By no means do I wish to slight our President, Governor or other elected leaders, as these able-bodied men and women continue to serve at the will and behalf of the public. However, at times, it seems that our economic destiny is not being guided by the cautious hands of a seasoned captain and crew navigating through a perilous tide, but rather by groups of political dealmakers who may or may not chart our ship back to safer waters.  

To be sure, Gov. Markell is sailing in dangerous waters, as it seems impossible to balance the budget without significant tax increases and significant reductions in salaries paid to state employees. And to count on additional revenues from an unproven sports betting operation as an integral part of the budget-balancing act is, well, a gamble with uncertain odds. The times call for statesmanship and compromise, not rolling the dice on a political deal.

Though I am confident that our state, nation (and world) will emerge from this recession stronger and more vibrant than ever, the current crisis highlights the need for our society to hold our leaders accountable for political deals that sacrifice our future for personal gain.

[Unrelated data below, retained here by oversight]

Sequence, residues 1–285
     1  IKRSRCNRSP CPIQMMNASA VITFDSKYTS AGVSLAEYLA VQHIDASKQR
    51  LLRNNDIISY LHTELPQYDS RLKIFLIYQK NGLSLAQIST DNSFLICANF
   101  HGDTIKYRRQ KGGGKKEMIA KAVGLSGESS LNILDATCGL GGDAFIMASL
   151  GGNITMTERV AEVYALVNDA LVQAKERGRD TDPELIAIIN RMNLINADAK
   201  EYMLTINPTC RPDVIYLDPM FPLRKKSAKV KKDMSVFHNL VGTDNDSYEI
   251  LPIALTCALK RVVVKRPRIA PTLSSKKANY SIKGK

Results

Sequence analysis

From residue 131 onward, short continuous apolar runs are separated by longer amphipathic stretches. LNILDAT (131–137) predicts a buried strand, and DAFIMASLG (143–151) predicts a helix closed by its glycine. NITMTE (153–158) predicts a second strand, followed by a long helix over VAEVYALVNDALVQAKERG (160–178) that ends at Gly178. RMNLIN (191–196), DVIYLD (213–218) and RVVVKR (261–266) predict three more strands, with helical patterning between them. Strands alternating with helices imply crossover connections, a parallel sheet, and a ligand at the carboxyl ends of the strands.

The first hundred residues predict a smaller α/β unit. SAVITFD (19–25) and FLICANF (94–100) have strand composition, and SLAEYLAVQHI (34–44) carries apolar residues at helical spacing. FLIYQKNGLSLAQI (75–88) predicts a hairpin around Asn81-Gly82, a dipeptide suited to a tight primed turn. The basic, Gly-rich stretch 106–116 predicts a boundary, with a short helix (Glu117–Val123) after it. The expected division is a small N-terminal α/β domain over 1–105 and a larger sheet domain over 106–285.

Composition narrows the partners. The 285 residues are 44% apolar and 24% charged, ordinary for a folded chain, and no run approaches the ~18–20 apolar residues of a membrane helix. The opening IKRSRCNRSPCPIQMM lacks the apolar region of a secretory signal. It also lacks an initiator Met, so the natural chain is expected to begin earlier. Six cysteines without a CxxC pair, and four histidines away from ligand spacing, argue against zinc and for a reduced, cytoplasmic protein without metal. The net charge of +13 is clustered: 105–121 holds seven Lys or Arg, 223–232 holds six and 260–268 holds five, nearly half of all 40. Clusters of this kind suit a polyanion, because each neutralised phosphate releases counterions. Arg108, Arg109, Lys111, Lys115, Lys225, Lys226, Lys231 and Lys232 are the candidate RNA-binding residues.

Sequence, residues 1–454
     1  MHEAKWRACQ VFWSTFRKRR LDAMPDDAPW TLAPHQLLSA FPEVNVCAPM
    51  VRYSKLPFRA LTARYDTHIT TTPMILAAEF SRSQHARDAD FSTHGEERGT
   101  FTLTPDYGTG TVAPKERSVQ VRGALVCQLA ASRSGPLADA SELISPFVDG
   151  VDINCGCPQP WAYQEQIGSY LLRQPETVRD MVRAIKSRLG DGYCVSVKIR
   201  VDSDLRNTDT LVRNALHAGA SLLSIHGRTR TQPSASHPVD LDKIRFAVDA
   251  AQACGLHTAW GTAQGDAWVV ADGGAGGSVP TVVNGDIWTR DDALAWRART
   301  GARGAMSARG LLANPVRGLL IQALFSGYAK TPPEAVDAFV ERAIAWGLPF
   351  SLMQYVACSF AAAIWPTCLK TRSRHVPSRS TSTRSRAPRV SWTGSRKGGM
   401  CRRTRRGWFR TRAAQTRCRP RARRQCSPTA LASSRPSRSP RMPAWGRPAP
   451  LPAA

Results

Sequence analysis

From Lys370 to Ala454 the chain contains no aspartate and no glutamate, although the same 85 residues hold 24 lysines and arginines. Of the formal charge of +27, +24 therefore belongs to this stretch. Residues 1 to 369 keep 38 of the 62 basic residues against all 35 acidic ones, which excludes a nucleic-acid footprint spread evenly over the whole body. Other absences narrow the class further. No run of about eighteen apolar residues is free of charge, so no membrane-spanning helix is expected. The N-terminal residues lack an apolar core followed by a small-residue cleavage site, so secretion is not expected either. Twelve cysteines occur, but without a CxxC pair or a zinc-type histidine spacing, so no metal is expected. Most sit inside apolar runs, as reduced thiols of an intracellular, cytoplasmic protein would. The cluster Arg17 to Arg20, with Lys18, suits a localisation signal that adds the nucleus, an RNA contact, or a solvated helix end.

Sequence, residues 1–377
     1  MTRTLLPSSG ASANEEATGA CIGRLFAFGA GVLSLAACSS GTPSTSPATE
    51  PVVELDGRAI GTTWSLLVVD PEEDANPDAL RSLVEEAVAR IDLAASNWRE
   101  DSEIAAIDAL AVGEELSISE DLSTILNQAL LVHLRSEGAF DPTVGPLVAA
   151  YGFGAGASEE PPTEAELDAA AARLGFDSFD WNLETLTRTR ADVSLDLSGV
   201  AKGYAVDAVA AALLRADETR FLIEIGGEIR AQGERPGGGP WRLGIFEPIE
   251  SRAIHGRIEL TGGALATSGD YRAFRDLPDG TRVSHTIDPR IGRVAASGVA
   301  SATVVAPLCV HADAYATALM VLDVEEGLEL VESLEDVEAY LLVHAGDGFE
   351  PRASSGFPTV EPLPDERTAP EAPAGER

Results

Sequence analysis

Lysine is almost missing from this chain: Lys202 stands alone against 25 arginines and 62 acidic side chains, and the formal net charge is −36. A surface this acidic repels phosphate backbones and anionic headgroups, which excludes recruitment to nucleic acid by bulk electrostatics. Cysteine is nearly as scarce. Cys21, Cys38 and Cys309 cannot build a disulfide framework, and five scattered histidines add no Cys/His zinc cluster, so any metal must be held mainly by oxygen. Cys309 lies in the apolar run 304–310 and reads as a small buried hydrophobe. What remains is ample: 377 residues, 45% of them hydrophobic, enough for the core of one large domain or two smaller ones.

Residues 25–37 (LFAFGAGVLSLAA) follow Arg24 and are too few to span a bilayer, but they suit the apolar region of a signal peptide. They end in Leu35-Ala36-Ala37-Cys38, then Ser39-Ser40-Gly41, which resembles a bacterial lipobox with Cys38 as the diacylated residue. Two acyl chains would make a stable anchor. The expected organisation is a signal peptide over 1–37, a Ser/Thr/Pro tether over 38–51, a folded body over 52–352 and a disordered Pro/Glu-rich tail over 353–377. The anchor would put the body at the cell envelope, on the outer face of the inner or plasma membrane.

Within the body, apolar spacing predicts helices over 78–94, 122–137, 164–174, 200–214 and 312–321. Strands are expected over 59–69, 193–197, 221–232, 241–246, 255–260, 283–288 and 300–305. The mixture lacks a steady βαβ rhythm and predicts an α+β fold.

Our founding fathers were capable of achieving great feats during their lifetime, because the interest of the people remained at the forefront of each legislative compromise. Our lawmakers must emulate their behavior—which created this great nation and state, by ensuring that legislative compromises, not political deals, are used to restore our economic prosperity.  

After all, common sense must prevail.